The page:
|D3||Research and Development|
Research Projects: Effect of Local Cooling | Effects of Weight Shifting | Handrim Technology
Development Projects: Inflammation Modeling | Low Shear, Cool Cushion | Propulsion Training Tools
D3 Development of measurement tools for propulsion training in the natural environment
Task Leader(s): Dan Ding, Ph.D.
Co-Investigator: Michael Boninger, MD., Annmarie Kelleher, MS
Other participants: TBN GSR
Long-term use of the upper limbs for performing daily activities has led to an increase in the prevalence of musculoskeletal injuries and reports of pain. The Consortium for Spinal Cord Medicine recently published, Preservation of Upper Extremity Function Following Spinal Cord Injury: A Clinical Practice Guideline for Health Care Professionals. This monograph provides concise ergonomic and equipment recommendations based on review of relevant research.. The guidelines recommend reducing the frequency of repetitive upper limb tasks, minimizing forces required to complete tasks and minimizing extremes of wrist and shoulder motions. These guidelines also include specific recommendations related to wheelchair propulsion technique and transfer activities. The Clinical Practice Guideline is based on studies of objective measures of physical activities that were determined in laboratory and clinical settings.
The primary objective of this project is to develop and validate accelerometry-based field measures for wheelchair propulsion in the natural environment. We will examine the relationship between biomechanical variables and accelerometry measures during wheelchair propulsion in a laboratory setting. We will also assess the field utility of these measures to determine effectiveness of a wheelchair propulsion training program. The overall goal is to provide an effective tool to monitor actual upper extremity usage. This will enable us to more effectively evaluate propulsion interventions and understand of the etiology of upper extremity injuries and pain.
This project will begin in the third year and will be utilize an unobtrusive wheelchair propulsion monitoring device (WPMD) capable of recognizing activities such as independent wheelchair propulsion, being pushed, driving, and other ADLs. The WPMD is being developed with support from the PVA Research Foundation for a two-year grant (Feb 2007-Jan 2009). WPMD will be able to recognize (and record) propulsion patterns including "semicircular," "looping over propulsion," and "arc." The WPMD will integrate three components. including a wearable 3-axis accelerometer (ACC) that monitors upper limb movements, a wheel rotation datalogger clipped onto the wheel and a vibration datalogger underneath the seat that monitors wheelchair motion. The proposed project is to further develop and validate ACC-based field measures that can capture wheelchair propulsion characteristics in terms of propulsion force, smoothness, cadence, and stroke length under free-living conditions based on the WPMD. The project will be implemented in two phases with the first phase focusing on the development of these measures and the second phase on validation of them. Figure 1 illustrates the various objectives of the PVA project, the proposed project, and future directions.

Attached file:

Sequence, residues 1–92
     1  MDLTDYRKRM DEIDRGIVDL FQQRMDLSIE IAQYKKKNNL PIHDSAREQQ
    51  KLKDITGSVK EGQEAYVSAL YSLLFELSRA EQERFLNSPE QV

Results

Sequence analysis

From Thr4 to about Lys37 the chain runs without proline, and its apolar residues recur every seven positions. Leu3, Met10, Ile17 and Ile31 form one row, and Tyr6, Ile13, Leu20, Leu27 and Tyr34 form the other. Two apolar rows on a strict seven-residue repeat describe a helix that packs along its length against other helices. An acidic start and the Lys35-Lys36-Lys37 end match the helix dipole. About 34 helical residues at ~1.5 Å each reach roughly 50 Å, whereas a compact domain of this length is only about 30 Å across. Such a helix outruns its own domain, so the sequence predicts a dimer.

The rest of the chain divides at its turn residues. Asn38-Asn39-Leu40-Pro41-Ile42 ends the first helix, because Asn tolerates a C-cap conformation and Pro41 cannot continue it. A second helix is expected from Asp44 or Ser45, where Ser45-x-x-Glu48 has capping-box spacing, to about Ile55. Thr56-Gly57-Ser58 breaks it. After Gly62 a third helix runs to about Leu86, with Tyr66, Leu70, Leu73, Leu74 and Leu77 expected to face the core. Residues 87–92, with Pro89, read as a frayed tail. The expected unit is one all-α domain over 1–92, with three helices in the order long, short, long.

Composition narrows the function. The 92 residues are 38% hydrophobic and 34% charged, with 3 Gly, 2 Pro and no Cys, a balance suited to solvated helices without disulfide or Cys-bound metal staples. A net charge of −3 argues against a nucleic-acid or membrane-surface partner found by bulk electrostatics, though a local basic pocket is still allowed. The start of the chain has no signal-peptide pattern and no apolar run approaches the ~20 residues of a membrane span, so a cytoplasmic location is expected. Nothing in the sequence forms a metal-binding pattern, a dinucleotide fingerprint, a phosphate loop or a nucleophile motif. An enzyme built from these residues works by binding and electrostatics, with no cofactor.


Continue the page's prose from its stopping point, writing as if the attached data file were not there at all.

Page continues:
Subjects will propel a wheelchair on a computer-controlled dynamometer and along ADL courses, respectively, with a WPMD attached to the wheelchair and their upper limbs. Wheelchair propulsion biomechanics will be determined using the SmartWheel (Three Rivers Holdings, Mesa, AZ). We will evaluate a variety of data reduction strategies to determine how ACC-based measures can best represent wheelchair propulsion characteristics. The laboratory testing will also be followed by a 2-day field trial in the homes and community environments of the participants.
Aim 1: To validate the WPMD's performance in quantifying the amount of upper limb usage for wheelchair propulsion and further develop reliable ACC-based field measures for characterizing wheelchair propulsion in terms of propulsion force, smoothness, cadence, and stroke length.
Aim 2: To examine the test-retest reliability of ACC-based field measures and the validity of the measures in assessing a wheelchair propulsion training program.
Aim 3: To quantify the amount of use and quality of upper limb movements in the home and community environment before and after the wheelchair propulsion training program.
We will recruit 26 manual wheelchair users with SCI to participate in this study. Inclusion criteria include: 1) 18 years of age or greater; 2) use of a manual wheelchair for primary mobility (> 80% of ambulation); 3) SCI at T2 level or lower. Exclusion criteria include: 1) inability to tolerate sitting for 2 hours; and 2) presence of upper limb pain that limits mobility. The study will be implemented in two phases. Each subject will complete the protocol described in the table below.